Recently, a club at Mikaela’s high school campus elected to sell feathers during the homecoming game. Mikaela felt uncomfortable about this and decided to confront the issue. It was important to her that her classmates understood that, in her culture, feathers are sacred and spiritual, something to be prayed with, not sold or worn for fashion. However, the lead educator for the club, a non-Native student, did not understand the gravity of the situation; she viewed selling feathers simply as something the students could do to make money for the club. Mikaela continued to make her case. She felt strongly that it was important for her, not her parents, to address this issue. She met with the faculty advisor and the principal and asked them, “What if people were making cross necklaces just to make money? How would you feel?” She then explained that she viewed the selling of feathers as “selling off her culture.”

Although the incident was not resolved the way Mikaela had hoped, she took a stand and actively voiced her concerns. In reflecting on this experience, Garcia asked, “Can you imagine the pressure of being [the] youth at the table with [a group of] adult administrators?”

While each of these stories demonstrates how school-based biases place pressure on Native children, they also illustrate the pressures on parents and families to provide support and encouragement for their children. Although the families who shared their stories with me were equipped to meet these challenges, many parents and families are not. The long history of U.S. schools marginalizing American Indians has led many families to feel unwelcome and detached from their children’s education.

The successes reflected in these stories offer two important reminders.

The first reminder is that schools need to find ways to partner and collaborate with the families of Native students. To facilitate this process, schools must ask: How can we best support American Indian families in advocating for their children and in supporting their children in exercising their own voice? What can be done to create more welcoming and affirming schools for American Indian parents and families and their children?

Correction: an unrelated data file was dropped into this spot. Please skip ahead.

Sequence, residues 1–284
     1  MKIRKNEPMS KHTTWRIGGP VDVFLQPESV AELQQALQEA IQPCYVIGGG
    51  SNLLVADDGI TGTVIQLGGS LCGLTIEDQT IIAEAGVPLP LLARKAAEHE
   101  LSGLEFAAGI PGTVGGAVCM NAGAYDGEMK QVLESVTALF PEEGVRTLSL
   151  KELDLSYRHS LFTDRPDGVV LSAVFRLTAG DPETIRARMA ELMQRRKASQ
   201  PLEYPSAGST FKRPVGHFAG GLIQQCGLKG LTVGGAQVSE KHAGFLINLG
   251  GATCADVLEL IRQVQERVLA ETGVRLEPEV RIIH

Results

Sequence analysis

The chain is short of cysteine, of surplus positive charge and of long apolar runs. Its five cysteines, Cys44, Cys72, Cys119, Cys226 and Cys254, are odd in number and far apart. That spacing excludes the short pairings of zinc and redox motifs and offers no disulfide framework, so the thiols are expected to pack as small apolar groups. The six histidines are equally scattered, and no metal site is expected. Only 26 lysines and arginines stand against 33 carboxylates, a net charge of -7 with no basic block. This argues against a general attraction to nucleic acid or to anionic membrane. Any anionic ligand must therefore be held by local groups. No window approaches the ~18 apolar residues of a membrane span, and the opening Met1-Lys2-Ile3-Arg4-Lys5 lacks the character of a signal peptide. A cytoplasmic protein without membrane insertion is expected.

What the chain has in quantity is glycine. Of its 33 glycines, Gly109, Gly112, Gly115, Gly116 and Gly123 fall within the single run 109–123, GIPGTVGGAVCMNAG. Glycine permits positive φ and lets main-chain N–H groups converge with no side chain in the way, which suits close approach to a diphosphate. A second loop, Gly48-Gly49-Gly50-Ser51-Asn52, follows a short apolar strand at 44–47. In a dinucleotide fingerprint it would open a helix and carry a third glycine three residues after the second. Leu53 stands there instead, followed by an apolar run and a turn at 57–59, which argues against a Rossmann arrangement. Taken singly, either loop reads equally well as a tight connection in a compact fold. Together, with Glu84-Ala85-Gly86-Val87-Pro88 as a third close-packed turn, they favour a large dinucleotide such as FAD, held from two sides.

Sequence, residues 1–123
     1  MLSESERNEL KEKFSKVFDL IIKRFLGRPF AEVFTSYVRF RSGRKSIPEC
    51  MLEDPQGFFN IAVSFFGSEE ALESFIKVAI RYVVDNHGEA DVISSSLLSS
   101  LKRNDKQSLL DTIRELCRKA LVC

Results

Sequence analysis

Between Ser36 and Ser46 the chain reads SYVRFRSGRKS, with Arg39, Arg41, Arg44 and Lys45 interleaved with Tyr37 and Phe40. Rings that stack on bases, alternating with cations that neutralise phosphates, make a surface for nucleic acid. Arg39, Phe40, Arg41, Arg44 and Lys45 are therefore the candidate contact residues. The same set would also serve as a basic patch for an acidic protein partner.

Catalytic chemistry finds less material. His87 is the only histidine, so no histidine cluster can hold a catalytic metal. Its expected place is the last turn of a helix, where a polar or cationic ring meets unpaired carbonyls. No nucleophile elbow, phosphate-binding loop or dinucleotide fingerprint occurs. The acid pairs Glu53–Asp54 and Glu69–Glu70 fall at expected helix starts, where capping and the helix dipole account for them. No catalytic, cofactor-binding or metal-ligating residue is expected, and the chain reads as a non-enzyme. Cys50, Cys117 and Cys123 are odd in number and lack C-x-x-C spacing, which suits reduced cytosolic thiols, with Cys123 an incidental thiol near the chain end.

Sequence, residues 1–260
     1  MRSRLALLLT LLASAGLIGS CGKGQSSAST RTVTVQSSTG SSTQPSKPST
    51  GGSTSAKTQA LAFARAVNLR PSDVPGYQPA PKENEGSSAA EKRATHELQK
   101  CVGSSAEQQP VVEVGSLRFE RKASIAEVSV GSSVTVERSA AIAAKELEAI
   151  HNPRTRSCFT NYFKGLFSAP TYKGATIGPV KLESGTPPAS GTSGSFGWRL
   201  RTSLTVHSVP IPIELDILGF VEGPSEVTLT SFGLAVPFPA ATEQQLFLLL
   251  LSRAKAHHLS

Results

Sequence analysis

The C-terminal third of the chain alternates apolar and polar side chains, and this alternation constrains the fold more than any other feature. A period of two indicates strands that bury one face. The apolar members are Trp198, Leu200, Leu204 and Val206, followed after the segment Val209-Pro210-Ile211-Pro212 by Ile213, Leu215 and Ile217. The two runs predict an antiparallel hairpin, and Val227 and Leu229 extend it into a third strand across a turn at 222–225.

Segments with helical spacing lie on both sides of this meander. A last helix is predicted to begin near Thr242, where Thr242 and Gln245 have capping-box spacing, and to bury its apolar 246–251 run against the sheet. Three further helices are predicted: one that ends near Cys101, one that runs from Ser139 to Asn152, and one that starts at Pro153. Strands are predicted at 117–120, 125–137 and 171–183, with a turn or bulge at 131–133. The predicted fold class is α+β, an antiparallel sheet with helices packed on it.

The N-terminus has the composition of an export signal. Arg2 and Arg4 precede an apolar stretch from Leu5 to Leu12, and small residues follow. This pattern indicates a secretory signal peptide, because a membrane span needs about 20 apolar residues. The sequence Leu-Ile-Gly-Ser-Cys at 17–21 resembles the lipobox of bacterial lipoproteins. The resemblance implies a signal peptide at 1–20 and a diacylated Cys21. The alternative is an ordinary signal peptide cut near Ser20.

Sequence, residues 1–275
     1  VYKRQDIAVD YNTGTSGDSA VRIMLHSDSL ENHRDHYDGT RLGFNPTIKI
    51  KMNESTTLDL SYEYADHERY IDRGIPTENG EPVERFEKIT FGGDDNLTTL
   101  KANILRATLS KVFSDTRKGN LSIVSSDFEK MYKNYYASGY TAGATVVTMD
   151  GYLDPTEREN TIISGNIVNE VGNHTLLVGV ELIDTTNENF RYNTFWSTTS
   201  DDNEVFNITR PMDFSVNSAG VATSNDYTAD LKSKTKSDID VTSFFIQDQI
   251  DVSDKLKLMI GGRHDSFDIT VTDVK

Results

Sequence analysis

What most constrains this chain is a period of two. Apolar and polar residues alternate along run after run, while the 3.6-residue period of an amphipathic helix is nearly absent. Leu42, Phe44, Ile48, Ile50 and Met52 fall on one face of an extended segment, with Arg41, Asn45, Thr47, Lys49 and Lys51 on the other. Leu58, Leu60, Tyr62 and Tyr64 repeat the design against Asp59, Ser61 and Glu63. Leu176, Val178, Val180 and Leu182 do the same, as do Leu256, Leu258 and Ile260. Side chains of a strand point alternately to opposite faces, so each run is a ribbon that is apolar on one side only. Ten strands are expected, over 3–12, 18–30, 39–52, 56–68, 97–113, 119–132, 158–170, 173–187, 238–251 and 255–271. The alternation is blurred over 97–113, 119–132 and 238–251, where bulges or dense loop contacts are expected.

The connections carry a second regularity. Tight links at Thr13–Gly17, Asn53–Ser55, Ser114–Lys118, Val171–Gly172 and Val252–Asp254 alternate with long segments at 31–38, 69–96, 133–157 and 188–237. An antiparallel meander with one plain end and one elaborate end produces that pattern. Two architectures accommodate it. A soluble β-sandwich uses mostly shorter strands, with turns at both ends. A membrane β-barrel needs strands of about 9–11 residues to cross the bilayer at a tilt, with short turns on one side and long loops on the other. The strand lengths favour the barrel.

The second reminder: Children benefit when their families convey expectations to their schools. Moreover, when these expectations are not met, families have an obligation to speak out and schools have an obligation to respond.

When American Indian parents and families speak out against culturally inappropriate practices and educators are open to the possibility of new ways of teaching, it benefits not only American Indian students but their peers as well. Professional development and training can help educators adopt culturally relevant practices, but—beyond changing the way we teach—this process also requires attitudinal change. One of the easiest ways to change attitudes is to get to know the families we serve, particularly those whose culture(s) may be different than our own. When educators take the time to do this, they find that American Indian families want what all families want: for (in the words of Dr. Debbie Reese [Nambe Pueblo]) “the air [our children] breathe, and the books that [they] read to nurture [them], not hurt them.” We want the schools American Indian children attend and the lessons they learn to nurture and honor them.

Key Facts

Ninety-two percent of all American Indian students attend public schools. The majority attends schools with less than 25 percent American Indian student enrollment.

Indigenous Education Sovereignty

Scholars Teresa L. McCarty and Tiffany S. Lee argue that “tribal sovereignty must include education sovereignty. Regardless of whether schools operate on or off tribal lands, in the same way that schools are accountable to state and federal governments, so too are they accountable to Native American nations whose children they serve.”

Students and a teacher, with a blue tint overlay and the Teaching Tolerance Toolkit watermark

To learn more about culturally responsive approaches to teaching with and about American Indian peoples today, see this toolkit.

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Learning for Justice in the South

When it comes to investing in racial justice in education, we believe that the South is the best place to start. If you’re an educator, parent or caregiver, or community member living and working in Alabama, Florida, Georgia, Louisiana or Mississippi, we’ll mail you a free introductory package of our resources when you join our community and subscribe to our magazine.